Billing Meters Sub Meters Metrics Outdoors Landscaping O&M Irrigation
The Cost of Water is deceptively low as building owners and tenants pay for water twice - water supplied + water discharged to the sewer. Additional considerations include the cost of energy required to pump and heat water and rate increases over time from energy and water utilities. Cost control solutions and incentives range from fulfilling water requirements for building certifications, conducting water audits, inclusive of leak detection, to incorporating water efficiency into standard operating procedures and procurement policies.
Billing Issues verify your property’s rate class and meter size, read water meters regularly to verify usage - units and scale of readings should match bills and internal log books.
Water Meters Require Limited Maintenance and Annual Calibration
Bills can cover multiple meters with specific water usage for each; match all meters listed with their location and equipment covered. Record usage individually and ask utilities for credit on sewer charges for water lost to evaporation instead of being discharged to sewer, irrigation and cooling towers.
Meter and Submeter all sources of water to help identify areas for targeted reductions: city potable, reclaimed water and well water. Most facilities have one or two master meters supplying the whole building; others have one meter for an entire campus with multiple buildings. Submeters:
do not have to be on separate utility accounts;
can help identify leaks and equipment inefficiencies or malfunctions.
Water Metrics the sum of all sources: Potable Water from public water systems and classified for human consumption. Reclaimed Water wastewater treatment plant effluent purchased from a public water system. Well Water obtained from wells, bore wells, and other groundwater sources. Natural Freshwater sources that are not municipally supplied, including surface water sources such as lakes or streams. Other Sources rainwater or storm water harvested onsite, sump pump water harvesting, gray water, air-cooling condensate, reject water from water purification systems, water reclaimed onsite, or water from other reuse strategies.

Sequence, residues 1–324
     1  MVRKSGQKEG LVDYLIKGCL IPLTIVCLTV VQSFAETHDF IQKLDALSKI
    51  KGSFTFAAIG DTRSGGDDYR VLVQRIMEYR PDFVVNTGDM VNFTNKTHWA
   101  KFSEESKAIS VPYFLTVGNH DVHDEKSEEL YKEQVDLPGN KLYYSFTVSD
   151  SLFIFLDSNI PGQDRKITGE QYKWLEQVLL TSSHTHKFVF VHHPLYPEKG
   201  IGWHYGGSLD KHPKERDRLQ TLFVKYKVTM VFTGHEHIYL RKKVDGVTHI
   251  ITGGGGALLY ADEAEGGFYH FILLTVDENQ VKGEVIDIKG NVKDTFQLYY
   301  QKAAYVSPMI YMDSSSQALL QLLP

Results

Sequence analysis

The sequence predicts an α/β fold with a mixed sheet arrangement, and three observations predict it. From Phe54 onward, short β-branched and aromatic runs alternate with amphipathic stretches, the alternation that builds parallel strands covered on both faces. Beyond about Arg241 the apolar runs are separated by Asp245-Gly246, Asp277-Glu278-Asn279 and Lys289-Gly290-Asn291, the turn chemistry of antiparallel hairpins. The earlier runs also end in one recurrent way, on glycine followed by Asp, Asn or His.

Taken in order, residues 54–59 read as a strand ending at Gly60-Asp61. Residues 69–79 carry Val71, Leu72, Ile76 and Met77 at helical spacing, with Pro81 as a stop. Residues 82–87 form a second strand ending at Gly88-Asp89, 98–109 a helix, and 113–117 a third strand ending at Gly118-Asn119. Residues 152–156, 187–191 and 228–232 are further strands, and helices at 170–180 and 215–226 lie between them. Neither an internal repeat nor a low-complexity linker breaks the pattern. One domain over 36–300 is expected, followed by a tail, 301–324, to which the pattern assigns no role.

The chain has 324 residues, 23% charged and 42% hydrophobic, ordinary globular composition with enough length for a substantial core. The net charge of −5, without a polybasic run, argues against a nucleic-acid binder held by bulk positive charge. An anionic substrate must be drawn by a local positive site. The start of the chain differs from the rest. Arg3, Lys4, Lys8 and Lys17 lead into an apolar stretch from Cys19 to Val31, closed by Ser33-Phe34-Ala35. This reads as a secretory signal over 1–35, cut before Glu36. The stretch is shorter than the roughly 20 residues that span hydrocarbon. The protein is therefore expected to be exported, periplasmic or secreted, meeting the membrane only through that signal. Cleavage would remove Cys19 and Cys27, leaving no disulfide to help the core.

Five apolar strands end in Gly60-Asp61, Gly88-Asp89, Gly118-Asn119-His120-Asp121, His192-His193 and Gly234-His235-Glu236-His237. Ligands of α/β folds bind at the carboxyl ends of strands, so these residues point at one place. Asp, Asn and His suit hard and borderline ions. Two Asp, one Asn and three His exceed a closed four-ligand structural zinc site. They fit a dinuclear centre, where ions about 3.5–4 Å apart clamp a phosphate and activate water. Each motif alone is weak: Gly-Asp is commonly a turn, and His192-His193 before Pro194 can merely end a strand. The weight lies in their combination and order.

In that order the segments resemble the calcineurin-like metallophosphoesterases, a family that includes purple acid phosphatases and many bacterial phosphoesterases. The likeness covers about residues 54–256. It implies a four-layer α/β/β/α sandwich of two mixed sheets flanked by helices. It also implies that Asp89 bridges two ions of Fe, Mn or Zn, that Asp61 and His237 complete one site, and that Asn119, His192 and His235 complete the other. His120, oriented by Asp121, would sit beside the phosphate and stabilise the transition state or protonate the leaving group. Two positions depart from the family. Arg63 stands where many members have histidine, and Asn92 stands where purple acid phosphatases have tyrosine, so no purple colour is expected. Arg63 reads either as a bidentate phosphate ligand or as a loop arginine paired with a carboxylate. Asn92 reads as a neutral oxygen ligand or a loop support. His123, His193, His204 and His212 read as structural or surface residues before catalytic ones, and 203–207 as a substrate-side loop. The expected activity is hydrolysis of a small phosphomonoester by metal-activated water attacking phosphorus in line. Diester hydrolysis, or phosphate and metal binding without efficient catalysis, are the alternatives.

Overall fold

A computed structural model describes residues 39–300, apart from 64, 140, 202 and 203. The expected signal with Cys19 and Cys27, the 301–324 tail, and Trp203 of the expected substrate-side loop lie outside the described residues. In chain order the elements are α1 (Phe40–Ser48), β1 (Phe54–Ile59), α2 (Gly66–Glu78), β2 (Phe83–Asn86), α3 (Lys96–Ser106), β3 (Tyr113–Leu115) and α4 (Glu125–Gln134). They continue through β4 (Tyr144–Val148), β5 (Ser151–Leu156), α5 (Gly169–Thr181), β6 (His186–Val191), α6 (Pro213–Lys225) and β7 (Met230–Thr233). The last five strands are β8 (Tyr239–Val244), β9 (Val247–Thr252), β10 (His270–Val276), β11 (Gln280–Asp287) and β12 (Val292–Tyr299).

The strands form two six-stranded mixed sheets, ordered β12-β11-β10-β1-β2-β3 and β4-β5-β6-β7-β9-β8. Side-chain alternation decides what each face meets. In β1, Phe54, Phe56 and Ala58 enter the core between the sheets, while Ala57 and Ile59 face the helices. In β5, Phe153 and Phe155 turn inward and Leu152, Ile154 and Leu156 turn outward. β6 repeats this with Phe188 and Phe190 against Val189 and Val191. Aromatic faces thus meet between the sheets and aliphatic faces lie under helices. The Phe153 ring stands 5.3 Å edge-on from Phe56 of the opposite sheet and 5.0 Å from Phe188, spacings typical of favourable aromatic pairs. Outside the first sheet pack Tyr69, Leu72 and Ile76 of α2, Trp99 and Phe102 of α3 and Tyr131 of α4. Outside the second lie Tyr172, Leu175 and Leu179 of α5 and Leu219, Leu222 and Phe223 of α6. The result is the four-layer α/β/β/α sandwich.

Outdoor Water Usage the amount of water used outdoors is dictated by landscape size and design, the need for supplemental irrigation, management of pools and other facilities. Outdoor water use is a primary driver of peak use.
Landscaping a well-designed, healthy, water-efficient landscape includes healthy soils to promote water infiltration and root growth, appropriate grading with gentle slopes, mulching of landscaped beds to keep soils cool and moist, drought-tolerant, native, or climate/regionally appropriate plant species, minimal turf area.
O&M maintain existing plantings and protect your investment in plants, remove weeds so water is available for desired plants, allow turf grass to grow longer to achieve deeper root growth, make shade and apply less water to shaded areas, minimize water used for other purposes, shut off water features whenever possible, recirculate in water features, sweep, don’t water hard surfaces.
Irrigation install rain shutoff devices or sensors, soil moisture-based control technologies and sprinklers. Maintenance check the system for broken or clogged sprinkler heads, move or adjust sprinkler components to avoid watering pavement, install and monitor water submeters for irrigation systems, monitor monthly use trends, audit irrigation system every three years.
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